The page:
For those that don’t know, SSD caching (Intel Smart Response) is a feature built in to Intel Z68 Sandy Bridge motherboards where you can add a smaller volume SSD to your existing platter based hard drive to increase overall system performance. Users often experience a quicker more responsive system after doing this. That’s great if you have a Z68 system and don’t want to spend $200 on a new SSD to speed things up. But, what about users who don’t have an Intel Z68 based system?
OCZ has a new product called the Synapse Cache SSD. This line of products provides SSD caching on any system including AMD and or any Intel motherboard that does not have Intel Smart Response built in. The best part is that you don’t have to reinstall the operating system which really makes the upgrade process easy. The questions is, does it perform? Let’s find out!
Features and Specifications
OCZ’s Synapse Cache SSD uses MLC NAND Flash in two different sizes: A 64GB and a 128GB model. Both of these specially prepared SSDs are supported by the included Dataplex software whereas Intel Smart Response both motherboard and software to work. Unlike the Intel technology, the Synapse Cache can us more than 64GB for caching. The series naturally offers native TRIM support, ECC recovery as well as data encryption.
Looking at the 64GB model, max read data rates are up to 550 MB/s while max write data rates level up to 490 MB/s. The 128GB model offers max read up to 550 MB/s and write up to 510 MB/s. These transfer rates are very similar to OCZ’s flag ship Vertex 3 SSD because both utilize the current SandForce SF-2200 series controller and SATA3 interface.
Finally, we come to the pricing of the series. The Synapse Cache 64GB SSD costs $154.99 and the 128GB SSD costs up to $254.99 US/CA respectively. These are priced just a little higher than most SSDs on the market, but are anything but regular SSDs as we’ll find out soon enough.
What’s in the Box?
The Synapse Cache SSD bundle is pretty simple when you get down to it. But then, so are 90% of most the SSDs available on the market. Inside the box is a well padded container which protects the SSD, adapter drive plate and Dataplex software disc. Since most folks have plenty of left over SSD data cables in their motherboard box, I can partially over look not including one. However, cables are as cheap as fifty cents these days and it wouldn’t hurt for every manufacturer to include one just in case. Especially since this product will likely be used as an upgrade rather than as a part of a new build.
The most important items are your SSD which has the Dataplex software key sticker near the back and the software disc. If you happen to lose your disc, it can also be found online. But, do not lose your key sticker.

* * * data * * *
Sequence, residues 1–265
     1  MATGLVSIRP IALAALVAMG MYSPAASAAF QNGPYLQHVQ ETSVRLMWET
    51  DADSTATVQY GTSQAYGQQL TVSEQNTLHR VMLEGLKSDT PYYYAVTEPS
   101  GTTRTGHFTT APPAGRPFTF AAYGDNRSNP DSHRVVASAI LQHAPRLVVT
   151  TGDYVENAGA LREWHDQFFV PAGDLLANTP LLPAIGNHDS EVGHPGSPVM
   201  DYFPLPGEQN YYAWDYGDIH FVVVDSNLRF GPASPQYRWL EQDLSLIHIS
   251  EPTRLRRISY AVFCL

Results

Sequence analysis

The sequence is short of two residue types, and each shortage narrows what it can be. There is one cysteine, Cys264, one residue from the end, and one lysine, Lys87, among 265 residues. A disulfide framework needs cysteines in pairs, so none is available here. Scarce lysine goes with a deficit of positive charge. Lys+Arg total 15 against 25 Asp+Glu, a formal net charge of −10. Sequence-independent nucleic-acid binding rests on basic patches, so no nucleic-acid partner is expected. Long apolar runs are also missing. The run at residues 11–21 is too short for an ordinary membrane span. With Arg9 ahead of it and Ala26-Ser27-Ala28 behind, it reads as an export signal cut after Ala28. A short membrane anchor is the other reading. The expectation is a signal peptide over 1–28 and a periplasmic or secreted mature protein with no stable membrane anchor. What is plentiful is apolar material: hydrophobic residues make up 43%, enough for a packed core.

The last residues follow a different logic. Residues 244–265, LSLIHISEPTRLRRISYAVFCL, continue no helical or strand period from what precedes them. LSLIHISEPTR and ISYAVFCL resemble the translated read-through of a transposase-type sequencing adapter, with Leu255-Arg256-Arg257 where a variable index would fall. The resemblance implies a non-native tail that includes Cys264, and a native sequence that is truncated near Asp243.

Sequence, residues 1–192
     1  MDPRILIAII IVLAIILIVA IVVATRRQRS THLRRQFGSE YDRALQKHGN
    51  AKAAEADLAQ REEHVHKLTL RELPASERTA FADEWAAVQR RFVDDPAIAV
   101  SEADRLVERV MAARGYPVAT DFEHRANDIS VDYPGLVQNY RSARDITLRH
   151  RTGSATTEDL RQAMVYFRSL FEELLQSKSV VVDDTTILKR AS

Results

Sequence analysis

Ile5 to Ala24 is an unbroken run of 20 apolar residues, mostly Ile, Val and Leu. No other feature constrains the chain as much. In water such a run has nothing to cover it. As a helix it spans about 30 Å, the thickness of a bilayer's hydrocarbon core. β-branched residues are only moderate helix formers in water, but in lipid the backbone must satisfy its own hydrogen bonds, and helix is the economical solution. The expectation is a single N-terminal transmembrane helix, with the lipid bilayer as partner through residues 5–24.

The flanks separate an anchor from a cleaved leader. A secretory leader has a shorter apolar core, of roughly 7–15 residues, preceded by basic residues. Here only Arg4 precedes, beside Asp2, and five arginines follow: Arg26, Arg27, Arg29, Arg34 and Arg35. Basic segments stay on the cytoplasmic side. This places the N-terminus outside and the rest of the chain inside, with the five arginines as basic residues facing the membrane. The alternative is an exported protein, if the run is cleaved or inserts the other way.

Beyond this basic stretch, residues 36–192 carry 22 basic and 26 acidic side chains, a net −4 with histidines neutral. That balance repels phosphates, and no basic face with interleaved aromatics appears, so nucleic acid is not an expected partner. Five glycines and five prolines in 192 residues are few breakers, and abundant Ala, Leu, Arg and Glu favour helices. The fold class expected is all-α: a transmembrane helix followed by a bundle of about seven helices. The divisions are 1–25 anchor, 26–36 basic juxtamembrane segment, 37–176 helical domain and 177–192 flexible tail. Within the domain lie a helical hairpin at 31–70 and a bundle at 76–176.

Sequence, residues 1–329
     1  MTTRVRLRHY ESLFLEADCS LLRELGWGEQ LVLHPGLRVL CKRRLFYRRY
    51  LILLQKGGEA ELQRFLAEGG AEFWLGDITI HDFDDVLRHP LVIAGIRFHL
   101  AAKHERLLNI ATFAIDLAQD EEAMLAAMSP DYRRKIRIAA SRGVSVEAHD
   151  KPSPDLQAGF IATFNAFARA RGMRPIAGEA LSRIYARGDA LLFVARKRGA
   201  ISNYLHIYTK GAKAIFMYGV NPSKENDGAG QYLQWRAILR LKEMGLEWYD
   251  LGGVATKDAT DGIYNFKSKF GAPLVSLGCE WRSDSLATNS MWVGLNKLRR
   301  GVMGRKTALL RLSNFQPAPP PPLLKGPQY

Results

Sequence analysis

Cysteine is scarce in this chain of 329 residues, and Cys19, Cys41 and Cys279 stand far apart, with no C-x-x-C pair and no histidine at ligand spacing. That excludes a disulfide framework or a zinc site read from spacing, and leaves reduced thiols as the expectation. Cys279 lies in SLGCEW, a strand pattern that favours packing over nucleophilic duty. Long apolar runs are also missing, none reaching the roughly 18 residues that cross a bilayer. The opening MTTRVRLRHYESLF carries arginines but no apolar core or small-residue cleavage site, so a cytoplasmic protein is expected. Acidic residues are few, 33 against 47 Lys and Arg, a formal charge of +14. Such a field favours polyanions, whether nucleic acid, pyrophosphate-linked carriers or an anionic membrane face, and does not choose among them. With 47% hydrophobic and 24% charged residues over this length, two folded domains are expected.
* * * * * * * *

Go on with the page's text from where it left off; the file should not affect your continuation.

A Closer Look
The OCZ Synapse’s purpose is to provide an easy cache performance upgrade to any system where the user doesn’t want to worry about having to buy a costlier new CPU and Z68 motherboard or even worry about reinstalling the OS on a new SSD. This is especially great when things are still running so smoothly on the system today. It can be a really big inconvenience to have to reinstall an OS. It’s far easier just to add the Synapse.
Caching easily increases system responsiveness especially if you’re regularly loading large programs for things like video editing or even large games. While it doesn’t increase a gaming system’s frame rates, it does cut down game load times. The questions that need answering are whether or not Synapse really works on any current chipset, how fast is it and just how fast is Dataplex versus Intel Smart Response performance. Let’s get to it!
Setting Up the Test System
- Processor – Intel Core i7-2600K Sandy Bridge
- Motherboard – ASRock Z68 Extreme 7 Gen 3
- Memory: Kingston HyperX 4GB Genesis @ 1333MHz
- Graphics: ZOTAC GTX 560 Ti
- OS Hard Drive: Seagate Barracuda 500GB SATA2 7200.11
- Cache SSD 1: OCZ Synapse Cache 64GB (Dataplex)
- Cache SSD 2: Kingston 64GB SSDNow V+100 (Intel Smart Response)
Synapse works fine on any Intel Z68 platform even when using Intel Rapid Storage Technology software. However, IRST shouldn’t be installed when using OCZ’s Dataplex software. I also tested Synapse on an ASUS Sabertooth P67, GIGABYTE G1 Killer Assassin and GIGABYTE GA-P55A-UD6 motherboards with similar results. In fact, the scores were also all very similar in PCMark7 tests. Let’s get to installation and scores.
Installing Synapse and Dataplex Software
You install a Synapse Cache SSD in the same SATA port series as your primary OS hard drive. For example, both should be in SATA2 or SATA3 ports. Also, the system’s SATA storage BIOS option should be set to RAID. If it isn’t, Windows may encounter a blue screen because there’s no driver loaded and the registry is not set up. If this happens, use this Microsoft RAID Fix. Finally, you can install OCZ’s Datacache software which pretty much walks itself through to till it’s complete.
The installation process was the same and successful on all four test systems regardless of their chipsets. I checked to make sure it was running properly each time. Now that we know that it works, the real question now is just what kind of engine is under the hood and whether or not Dataplex is better than Intel Smart Response. Let’s find out.